Brown Bag Lecture: “Science, Song, and the Philosophers’ Stone: Reading Michael Maier’s Alchemical Emblem Book, Atalanta fugiens (1618)”

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Date: November 12, 2013
Time: 12:00 to 1:00 p.m.
Location:

CHF
315 Chestnut Street
Philadelphia, PA 19106

Event Type: Open to the Public
Fee: Free
RSVP Online: No Registration Required

A talk by Donna Bilak

The Othmer Library of Chemical History holds a copy of Michael Maier’s extraordinary alchemical emblem book, Atalanta fugiens (1618), which encodes the seven-stage laboratory process for making the philosophers’ stone using song and art. Maier’s expression of alchemical operations is unique within the alchemical corpus for his use of music-image-text to transmit information, thus engaging the reader’s auditory and visual senses. This talk explores the particular way that this multimedia work conveys alchemical theory and praxis apropos how the Atalanta is read and experienced. And, as Maier drew upon the hermetic corpus in its composition, this talk also considers the Atalanta as a bibliographic resource, examining this utilitarian aspect of the work from past and present perspectives.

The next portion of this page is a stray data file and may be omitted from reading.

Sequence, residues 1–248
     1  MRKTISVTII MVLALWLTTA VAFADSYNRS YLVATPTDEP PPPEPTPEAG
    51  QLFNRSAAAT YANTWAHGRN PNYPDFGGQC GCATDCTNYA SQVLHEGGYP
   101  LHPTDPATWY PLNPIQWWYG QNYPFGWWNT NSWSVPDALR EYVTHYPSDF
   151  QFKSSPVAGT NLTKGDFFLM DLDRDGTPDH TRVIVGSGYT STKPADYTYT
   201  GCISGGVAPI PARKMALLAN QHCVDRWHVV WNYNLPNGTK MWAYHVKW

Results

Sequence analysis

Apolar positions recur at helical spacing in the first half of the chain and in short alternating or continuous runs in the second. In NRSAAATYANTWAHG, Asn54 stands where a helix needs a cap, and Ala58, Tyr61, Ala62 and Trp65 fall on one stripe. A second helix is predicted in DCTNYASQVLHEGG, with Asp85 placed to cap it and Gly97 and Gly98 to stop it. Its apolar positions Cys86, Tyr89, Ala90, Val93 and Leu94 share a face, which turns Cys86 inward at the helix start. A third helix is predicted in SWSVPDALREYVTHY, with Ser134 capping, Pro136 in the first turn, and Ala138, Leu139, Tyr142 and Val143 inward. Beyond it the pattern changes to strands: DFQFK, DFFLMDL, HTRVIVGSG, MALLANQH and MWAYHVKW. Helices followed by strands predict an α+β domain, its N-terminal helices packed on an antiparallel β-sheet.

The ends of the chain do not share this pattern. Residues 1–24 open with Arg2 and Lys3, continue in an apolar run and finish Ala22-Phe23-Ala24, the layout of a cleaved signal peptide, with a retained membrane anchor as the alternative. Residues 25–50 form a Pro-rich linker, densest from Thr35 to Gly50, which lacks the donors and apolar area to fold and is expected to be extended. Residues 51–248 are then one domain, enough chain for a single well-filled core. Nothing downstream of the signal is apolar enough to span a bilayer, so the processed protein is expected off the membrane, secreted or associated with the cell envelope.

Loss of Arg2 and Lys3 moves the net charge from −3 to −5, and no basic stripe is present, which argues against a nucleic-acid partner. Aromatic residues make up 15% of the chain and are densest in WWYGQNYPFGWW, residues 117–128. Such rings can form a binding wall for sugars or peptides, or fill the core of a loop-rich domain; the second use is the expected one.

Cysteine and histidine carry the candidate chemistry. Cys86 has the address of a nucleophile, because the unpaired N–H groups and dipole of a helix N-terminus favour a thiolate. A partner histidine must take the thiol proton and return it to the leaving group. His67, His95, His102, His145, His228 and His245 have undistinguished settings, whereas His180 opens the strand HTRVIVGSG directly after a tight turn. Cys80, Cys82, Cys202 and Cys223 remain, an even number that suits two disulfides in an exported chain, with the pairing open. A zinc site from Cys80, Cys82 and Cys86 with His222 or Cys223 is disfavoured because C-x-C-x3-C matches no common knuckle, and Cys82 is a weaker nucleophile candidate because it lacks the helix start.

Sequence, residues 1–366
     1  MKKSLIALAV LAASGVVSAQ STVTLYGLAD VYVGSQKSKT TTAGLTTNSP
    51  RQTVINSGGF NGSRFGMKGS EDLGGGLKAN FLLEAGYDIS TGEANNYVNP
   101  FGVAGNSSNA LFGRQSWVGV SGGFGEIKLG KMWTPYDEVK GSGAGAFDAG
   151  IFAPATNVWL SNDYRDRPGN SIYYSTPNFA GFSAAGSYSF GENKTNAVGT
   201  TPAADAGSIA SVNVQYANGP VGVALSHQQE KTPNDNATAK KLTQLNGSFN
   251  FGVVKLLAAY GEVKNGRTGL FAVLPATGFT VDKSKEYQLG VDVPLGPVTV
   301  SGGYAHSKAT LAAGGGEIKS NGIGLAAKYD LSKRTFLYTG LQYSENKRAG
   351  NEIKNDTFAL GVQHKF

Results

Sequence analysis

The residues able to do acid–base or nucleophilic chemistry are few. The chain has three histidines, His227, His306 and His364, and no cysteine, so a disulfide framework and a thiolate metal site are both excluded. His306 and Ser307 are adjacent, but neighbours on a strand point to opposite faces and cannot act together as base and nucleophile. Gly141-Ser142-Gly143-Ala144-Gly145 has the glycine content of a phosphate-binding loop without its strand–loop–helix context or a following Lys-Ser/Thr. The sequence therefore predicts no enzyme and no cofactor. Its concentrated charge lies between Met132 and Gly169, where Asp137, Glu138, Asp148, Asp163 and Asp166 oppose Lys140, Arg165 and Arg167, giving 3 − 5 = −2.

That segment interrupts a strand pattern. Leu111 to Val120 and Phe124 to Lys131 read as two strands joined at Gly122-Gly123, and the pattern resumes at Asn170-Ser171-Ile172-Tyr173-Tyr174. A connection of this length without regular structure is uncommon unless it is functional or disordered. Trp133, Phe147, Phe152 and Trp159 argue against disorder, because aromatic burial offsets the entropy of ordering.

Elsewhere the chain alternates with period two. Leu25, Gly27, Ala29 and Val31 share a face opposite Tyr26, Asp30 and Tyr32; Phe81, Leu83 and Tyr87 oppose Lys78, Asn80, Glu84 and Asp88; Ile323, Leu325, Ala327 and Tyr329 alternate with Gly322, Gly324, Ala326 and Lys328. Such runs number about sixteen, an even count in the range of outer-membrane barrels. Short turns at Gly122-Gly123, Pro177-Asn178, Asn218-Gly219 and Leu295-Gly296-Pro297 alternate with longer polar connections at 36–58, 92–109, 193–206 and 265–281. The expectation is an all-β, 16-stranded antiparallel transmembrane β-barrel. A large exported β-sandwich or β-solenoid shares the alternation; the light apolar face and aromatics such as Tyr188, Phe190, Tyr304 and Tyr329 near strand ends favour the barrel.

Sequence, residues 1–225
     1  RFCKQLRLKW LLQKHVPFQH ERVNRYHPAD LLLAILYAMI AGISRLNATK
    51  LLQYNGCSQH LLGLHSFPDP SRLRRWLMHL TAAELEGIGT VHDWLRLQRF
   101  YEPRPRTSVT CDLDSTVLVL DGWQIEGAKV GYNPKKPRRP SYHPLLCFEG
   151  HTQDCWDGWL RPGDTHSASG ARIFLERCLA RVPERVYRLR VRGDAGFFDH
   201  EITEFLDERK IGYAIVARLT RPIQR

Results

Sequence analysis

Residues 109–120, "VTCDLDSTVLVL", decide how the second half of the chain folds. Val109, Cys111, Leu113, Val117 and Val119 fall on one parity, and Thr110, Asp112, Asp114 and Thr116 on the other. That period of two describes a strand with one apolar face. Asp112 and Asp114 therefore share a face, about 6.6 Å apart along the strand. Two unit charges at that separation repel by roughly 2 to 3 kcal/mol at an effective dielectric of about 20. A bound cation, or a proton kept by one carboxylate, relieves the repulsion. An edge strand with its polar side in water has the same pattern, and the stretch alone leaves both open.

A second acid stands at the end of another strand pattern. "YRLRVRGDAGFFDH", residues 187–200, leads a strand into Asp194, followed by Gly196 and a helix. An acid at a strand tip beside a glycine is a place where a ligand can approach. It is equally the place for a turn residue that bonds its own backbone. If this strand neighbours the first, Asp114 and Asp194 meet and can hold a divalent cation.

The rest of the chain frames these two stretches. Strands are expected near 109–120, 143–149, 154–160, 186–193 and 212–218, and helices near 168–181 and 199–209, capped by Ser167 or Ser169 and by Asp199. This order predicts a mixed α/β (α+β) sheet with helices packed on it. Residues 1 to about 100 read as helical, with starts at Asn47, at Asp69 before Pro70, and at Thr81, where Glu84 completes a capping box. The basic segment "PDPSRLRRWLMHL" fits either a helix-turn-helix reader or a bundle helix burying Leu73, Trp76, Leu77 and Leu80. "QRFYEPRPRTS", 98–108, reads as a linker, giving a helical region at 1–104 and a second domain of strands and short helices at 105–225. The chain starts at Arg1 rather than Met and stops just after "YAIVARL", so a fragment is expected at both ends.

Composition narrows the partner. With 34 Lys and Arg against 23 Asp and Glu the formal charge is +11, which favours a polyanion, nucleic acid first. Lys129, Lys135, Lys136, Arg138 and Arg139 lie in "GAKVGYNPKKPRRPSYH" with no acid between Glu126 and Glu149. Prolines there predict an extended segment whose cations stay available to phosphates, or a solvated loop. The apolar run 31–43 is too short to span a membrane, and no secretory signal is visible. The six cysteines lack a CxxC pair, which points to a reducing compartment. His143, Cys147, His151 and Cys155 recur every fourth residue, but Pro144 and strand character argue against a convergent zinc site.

Donna Bilak received her Ph.D. in cultural history from the Bard Graduate Center in New York City for her dissertation, “The Chymical Cleric: John Allin, Puritan Alchemist in England and America (1623–1683),” which focused on intersections between science, religion, and the material culture of the alchemical laboratory in the 17th-century British Atlantic world. Bilak is currently the Edelstein Fellow at CHFs Beckman Center, where she is conducting research into early Continental 17th-century science vis-à-vis her analysis of the Atalanta fugiens.

About Brown Bag Lectures

Brown Bag Lectures (BBLs) are a series of weekly informal talks on the history of chemistry or related subjects, including the history and social studies of science, technology, and medicine. Based on original research (sometimes still in progress), these talks are given by local scholars for an audience of CHF staff and fellows and interested members of the public.

For more information, please call 215.873.8289 or e-mail bbl@chemheritage.org.

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